The repair and transformation of U.S. supply chains in response to the global volatility of the previous three years has been an expensive one, according to the 2023 State of Logistics Report. Produced annually for the Council of Supply Chain Management Professionals (CSCMP) by global consulting firm Kearney and presented by Penske Logistics, the annual report offers a snapshot of the American economy via the lens of the logistics sector and its role in overall supply chains.
Most carriers spent the two years prior to 2022 basking in record profits, but over the course of the last 18 months that dynamic has rebalanced – and from motor fleets' perspective, over-corrected and swinging back sharply in shippers’ favor.
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Balika Sonthalia, senior partner at Kearney and co-author of the 2023 State of Logistics Report, said much of what happened to the supply chain last year and into this year "has been all about getting back in synch," noting that although the market has swung back in shippers' favor — to the detriment of carriers — "we cannot emphasize enough the importance for all industry participants to begin planning for geopolitical tensions, cybersecurity threats, climate change and related natural disasters, slowing e-commerce growth, and global recessionary factors."
U.S. business logistics costs (USBLC) now stands at a record $2.3 trillion (up from $1.85 trillion last year), representing 9.1% of national GDP — the highest-ever percentage of GDP, the report found. The logistics sector has been a major contributor to inflationary pressures with logistics costs having swollen 19% in 2022. U.S. inflation is down from the 9.1% seen earlier in 2022 (a 40-year high), but has bounced around 5% to 6% in 2023 so far, with a forecasted year-over-year average of 4.7% by the end of the year.
Road freight, the largest chunk of logistics spending, saw little change in overall volume, but capacity increased sharply and sent rates sliding – a change in that dynamics has induced shippers, who turned to dedicated fleets to address the capacity challenges arising during the peak months of the pandemic, to seek a new balance among dedicated, private and one-way services, the report found.
Motor carriers' logistics costs ballooned 6.1% year-over-year on the heels of lower rates and higher business costs.
With improving service levels and falling spot rates, shippers are turning to the spot market rather than to their contracted carriers, Sonthalia said, to optimize costs. To mitigate a flood to the spot market, the 2023 bid season started early, and carriers are revising contract rates in order to preserve relationships — resulting in a somewhat faster decline in contract rates early this year.
"We've seen some bigger spreads (between contract and spot market rates) from last year... and that is a trend we expect is going to continue in the coming months," Sonthalia said. She said it's difficult to say if rates have reached bottom because some routes are more volatile than others, adding "it's probably stabilizing."
After skyrocketing during the pandemic, the number of new motor carriers had fallen back to pre-pandemic levels by December 2022, indicating, Sonthalia said, that a once prosperous freight cycle for truckers has ended. Andy Moses, senior vice president of sales and solutions for Penske Logistics, suggested that the rate of current carrier exists and authority revocations indicates rates are firming up.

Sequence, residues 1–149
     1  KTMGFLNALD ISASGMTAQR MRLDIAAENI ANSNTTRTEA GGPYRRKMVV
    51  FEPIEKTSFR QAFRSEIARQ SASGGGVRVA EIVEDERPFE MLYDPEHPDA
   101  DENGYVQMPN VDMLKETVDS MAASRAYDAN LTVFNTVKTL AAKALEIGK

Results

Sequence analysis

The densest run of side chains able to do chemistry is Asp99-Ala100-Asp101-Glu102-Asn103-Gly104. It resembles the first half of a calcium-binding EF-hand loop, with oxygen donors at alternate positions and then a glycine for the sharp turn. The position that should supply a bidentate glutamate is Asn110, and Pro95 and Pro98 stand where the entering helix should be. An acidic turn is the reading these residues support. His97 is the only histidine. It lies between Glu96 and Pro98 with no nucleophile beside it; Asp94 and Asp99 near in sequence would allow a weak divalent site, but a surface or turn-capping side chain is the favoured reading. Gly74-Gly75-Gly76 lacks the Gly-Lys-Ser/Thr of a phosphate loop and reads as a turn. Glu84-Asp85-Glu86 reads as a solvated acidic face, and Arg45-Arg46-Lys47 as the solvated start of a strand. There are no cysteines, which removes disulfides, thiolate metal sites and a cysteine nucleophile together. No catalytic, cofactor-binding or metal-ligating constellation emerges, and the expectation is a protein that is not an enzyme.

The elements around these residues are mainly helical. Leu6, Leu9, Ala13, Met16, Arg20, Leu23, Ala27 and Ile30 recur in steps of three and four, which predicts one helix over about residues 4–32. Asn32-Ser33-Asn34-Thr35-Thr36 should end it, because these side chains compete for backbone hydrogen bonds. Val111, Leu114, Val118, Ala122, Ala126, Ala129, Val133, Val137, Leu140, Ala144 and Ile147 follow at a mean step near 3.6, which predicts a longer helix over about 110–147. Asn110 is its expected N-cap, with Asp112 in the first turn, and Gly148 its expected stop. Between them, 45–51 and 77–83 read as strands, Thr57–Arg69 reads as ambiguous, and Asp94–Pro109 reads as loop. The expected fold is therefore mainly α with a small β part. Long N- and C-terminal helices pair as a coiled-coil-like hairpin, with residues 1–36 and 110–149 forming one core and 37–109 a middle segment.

"More service-sensitive segments of the market... shippers aren't going to relinquish their path to great service for a few cents per mile," he said, adding that the worst of carrier exits could be behind us. "I don't think there's going to be a deluge of capacity exit."
Consumers' post-pandemic return to brick and mortar stores hasn't slowed e-commerce. In 2022, the U.S. e-commerce market grew by 8% to $1.03 trillion (up from $871 billion). It is now 14.5% of the entire U.S. retail market. However, as the U.S. e-commerce market has grown to its largest size in history, its percentage of retail sales has started to flatten.
The latest projections from Kearney’s Global Business Policy Council (GBPC) forecast a minor recession in the third and fourth quarters this year with an exit early next year, but overall a positive 0.9%% annual GDP growth. Indeed, Kearney GBPC’s managing director Erik Peterson notes that amid declining inflation and potential signs of easing on monetary policy tightening, the U.S. economy could plausibly avoid recession altogether.
Third-party logistics providers are investing more into their technology offerings, as opposed to shippers. The report indicated that 96% of 3PLs have migrated to the cloud (shippers indicated 86% of them have), while 80% of 3PLs are investing in IoT (77% for shippers).
For a number of businesses, reshoring has gone from a strategic possibility to a market reality. According to the Kearney Reshoring Index, American imports of Mexican manufactured goods have grown by 26% (dating back to spring 2020).
Widespread inefficiencies bundled with an ongoing lack of a youth infusion in trucking have historically been a drag on the supply chain. While a number of initiatives have been introduced to attract more potential truck drivers, none improve driver productivity. Based on Kearney studies, on average, over-the-road carriers use about half of drivers’ available hours, and of that number, 10% to 25% is unproductive movement.
"It's hard to find talent whether in it's in the office, in the warehouse or in the driver's seat," said project44 Chief Industry Officer Bart De Muynck.